Santoni de Sio, Filippo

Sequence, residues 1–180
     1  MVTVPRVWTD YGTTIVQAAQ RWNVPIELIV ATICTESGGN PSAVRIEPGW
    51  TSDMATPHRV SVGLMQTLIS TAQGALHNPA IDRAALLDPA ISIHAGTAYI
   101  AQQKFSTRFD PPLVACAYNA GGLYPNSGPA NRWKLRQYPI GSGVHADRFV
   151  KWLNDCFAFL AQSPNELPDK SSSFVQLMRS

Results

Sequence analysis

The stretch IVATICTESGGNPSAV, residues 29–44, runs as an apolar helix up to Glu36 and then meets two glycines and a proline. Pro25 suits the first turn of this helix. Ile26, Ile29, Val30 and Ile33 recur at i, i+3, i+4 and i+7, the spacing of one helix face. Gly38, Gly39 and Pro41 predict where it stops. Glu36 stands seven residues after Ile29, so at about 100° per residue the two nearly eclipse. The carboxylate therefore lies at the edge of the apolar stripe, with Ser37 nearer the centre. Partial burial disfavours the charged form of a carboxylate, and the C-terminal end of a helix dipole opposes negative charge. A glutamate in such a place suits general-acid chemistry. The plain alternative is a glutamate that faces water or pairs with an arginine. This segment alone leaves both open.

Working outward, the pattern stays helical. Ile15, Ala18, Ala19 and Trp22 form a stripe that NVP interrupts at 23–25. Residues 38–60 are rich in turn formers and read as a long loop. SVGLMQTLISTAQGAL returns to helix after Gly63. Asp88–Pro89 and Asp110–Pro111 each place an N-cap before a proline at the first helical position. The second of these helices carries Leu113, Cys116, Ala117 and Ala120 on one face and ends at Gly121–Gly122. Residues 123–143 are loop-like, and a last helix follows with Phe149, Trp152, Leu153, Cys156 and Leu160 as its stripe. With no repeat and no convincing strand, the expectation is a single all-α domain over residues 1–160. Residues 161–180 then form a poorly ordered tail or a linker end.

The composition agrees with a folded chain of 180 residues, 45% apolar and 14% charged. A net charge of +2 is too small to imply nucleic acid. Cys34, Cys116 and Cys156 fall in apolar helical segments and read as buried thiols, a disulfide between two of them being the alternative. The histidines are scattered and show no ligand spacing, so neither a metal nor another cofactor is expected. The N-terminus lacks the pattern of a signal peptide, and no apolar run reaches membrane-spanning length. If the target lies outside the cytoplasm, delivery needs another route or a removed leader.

The term ‘Responsibility’ has different senses, as it may designate: a duty deriving from a role; the condition of who possesses the capacities required to be attributed the moral consequences of their actions; the position of who has carried out blameworthy actions or omissions; the position of who has to respond for damages (or benefits) caused by their behavior. Many see blameworthiness or culpability – the so-called ‘moral responsibility’ – as the paradigmatic sense of responsibility, and claim that this can be philosophically justified only through a metaphysical conception of “free will”. However, attributions of blameworthiness and culpability – taken as a whole – are morally justified mainly through their positive effects in terms of their reducing unwanted behavior. Indeed, in their more specific applications, attributions of culpability involve moral issues which cannot be solved without a reference to the metaphysics of personhood, the metaphysics of mind and action as well as to normative evaluations of justice and fairness. A similar conceptual structure is to be found in the other senses of responsibility.